In the next decade, China will continue to rise, not fade. Its leaders will consolidate the one-party model and, in the process, challenge the West’s smug certainty about political development and the inevitable march toward electoral democracy.
The Atlantic Sentinel, a news website, republished Gateway House Research intern Spike Nowak's article on the new Chinese leadership and its impact on Chinese foreign policy. He argues that the domestic priorities and an independent army will continue to influence China's foreign policy.
Worldpress.org, a news website, republished Gateway House Research intern Spike Nowak's article on the new Chinese leadership and its impact on Chinese foreign policy. He argues that the domestic priorities and an independent army will continue to influence China's foreign policy.
The new President and Premier of China will be formally elected at the 18th Party Congress of the Communist Party of China on November 8. Given the ongoing socio-economic issues and an increasingly independent army, will the new leadership bring about a change in China’s foreign policy?
This October, China’s 18th Party Congress will usher in a new leadership in the Chinese Communist Party (CCP) and the People's Liberation Army, amidst increased turmoil in its neighbourhood. What consequences will this have on Indo-China relations, and on the policies of the Party?
Recent events shows that even though China's leadership has evolved and political knowledge among chinese masses has grown, the path to power in China is still dominated by revolutionary political divisions.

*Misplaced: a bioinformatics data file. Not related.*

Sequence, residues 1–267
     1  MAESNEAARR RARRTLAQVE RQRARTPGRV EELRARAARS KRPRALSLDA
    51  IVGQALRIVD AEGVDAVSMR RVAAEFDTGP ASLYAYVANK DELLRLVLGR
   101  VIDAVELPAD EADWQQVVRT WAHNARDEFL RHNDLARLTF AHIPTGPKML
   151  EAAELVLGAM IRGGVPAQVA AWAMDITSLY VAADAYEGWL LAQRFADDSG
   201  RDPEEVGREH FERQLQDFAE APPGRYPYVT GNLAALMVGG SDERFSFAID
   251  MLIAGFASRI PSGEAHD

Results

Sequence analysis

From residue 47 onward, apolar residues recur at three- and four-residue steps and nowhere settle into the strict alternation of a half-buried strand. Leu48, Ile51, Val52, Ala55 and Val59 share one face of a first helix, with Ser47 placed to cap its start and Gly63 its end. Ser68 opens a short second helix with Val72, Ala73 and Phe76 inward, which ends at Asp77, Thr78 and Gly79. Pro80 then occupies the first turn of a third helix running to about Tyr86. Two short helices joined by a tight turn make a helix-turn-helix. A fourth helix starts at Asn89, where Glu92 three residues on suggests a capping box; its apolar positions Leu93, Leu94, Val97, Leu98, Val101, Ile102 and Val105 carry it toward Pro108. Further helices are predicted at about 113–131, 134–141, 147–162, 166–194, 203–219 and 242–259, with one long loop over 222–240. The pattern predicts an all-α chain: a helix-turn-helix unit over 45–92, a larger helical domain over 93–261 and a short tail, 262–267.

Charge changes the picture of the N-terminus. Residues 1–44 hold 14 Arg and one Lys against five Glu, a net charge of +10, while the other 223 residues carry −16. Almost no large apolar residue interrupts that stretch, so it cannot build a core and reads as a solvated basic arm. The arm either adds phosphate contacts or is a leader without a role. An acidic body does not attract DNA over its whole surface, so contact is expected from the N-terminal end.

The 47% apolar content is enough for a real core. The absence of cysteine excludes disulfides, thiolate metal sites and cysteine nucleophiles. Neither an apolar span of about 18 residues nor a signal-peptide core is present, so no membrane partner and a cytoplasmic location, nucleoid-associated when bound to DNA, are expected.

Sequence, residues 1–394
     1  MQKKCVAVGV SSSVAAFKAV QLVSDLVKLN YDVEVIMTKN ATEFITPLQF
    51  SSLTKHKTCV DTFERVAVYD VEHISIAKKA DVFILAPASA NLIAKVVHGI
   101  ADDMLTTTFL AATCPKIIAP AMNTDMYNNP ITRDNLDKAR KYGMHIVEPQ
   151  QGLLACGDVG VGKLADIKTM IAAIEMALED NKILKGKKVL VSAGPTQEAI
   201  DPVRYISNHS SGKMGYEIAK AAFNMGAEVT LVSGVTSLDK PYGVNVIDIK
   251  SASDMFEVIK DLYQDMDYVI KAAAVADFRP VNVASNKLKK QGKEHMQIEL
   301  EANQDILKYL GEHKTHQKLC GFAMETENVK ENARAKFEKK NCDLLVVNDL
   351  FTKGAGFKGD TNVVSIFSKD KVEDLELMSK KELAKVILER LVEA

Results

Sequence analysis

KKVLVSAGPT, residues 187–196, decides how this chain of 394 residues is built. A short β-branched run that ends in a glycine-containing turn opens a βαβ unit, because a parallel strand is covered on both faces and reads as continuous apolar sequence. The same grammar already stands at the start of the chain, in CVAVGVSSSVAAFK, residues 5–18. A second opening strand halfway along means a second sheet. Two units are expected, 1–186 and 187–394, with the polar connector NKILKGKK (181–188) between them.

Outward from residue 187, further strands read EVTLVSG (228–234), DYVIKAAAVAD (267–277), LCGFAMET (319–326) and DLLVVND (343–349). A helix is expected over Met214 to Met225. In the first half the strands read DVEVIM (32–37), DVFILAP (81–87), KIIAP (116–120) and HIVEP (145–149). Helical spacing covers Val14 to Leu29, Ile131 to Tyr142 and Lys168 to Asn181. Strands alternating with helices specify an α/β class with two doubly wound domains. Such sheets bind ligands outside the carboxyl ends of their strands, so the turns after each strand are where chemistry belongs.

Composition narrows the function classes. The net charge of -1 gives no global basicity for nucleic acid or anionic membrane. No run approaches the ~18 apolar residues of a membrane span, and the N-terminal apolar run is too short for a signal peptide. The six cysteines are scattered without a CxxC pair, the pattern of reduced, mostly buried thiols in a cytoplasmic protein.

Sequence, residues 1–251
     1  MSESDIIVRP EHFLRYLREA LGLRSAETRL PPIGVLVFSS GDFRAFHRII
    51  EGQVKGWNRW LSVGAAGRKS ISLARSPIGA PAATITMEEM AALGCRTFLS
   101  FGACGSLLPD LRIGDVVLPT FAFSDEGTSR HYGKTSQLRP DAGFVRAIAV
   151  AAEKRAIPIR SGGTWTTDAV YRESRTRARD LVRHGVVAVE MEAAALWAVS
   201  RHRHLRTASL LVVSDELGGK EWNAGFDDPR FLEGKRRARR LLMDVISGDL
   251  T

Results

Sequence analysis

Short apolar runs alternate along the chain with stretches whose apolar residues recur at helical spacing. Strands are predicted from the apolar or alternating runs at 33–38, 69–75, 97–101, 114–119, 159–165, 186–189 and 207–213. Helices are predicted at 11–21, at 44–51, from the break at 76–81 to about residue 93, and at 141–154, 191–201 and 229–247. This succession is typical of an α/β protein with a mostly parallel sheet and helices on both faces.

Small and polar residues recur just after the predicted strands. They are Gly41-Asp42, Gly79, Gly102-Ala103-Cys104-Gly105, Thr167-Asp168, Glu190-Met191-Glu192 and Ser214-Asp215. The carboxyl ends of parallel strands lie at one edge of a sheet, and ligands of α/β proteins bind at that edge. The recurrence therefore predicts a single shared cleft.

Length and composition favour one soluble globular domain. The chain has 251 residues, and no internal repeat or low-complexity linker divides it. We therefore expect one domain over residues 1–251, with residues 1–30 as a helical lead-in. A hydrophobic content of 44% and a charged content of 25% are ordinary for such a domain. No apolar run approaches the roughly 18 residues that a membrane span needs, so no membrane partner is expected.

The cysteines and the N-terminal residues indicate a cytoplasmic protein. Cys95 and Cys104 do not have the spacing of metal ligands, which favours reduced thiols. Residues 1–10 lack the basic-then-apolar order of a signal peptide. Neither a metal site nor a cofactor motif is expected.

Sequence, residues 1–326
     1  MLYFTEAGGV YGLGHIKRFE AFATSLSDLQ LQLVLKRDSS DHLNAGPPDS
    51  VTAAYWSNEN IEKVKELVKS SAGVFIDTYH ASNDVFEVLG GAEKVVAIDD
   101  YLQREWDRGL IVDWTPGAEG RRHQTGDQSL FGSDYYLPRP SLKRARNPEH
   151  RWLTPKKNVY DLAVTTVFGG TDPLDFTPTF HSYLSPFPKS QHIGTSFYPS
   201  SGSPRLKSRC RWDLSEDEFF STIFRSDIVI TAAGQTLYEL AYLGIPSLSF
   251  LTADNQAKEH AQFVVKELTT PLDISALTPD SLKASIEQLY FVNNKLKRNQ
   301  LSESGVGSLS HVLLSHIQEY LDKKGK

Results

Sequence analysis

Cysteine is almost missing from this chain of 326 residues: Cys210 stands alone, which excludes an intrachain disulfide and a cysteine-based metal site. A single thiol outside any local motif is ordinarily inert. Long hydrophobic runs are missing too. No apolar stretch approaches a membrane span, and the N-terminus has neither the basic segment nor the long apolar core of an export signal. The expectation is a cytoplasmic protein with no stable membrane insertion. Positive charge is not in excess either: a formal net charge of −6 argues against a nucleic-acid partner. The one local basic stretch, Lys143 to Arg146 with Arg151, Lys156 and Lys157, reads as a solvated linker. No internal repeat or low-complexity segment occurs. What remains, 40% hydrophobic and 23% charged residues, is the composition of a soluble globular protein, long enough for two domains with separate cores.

The 4th BRICS Summit in New Delhi has brought a new dimension to emerging markets. The author explains why the summit was perhaps the most significant of the BRICS meetings so far – and one that should have the developed world really worried about their eroding position at the top of the global heap.
China seems to want the yuan to dethrone the dollar as the global reserve currency. But don’t expect China’s currency to take over anytime soon. The yuan will rise, but far slower than predicted, and Beijing’s puzzling efforts to help it along reveal flaws in the government’s divided and incremental approach.
BBC News published a feature written by Gateway House’s Head of Research, Akshay Mathur, in their Asia business section. Mathur writes on the the financial crises in Europe and the possibility of the BRICS countries playing an active part in the European bailout.
In a reversal of historical roles, the BRICS nations may be coming to Europe’s rescue. During the Asian Financial Crisis, the International Monetary Fund (IMF) introduced structural adjustments in return for IMF loans, and many institutions and individuals went bankrupt. Will it be any different now?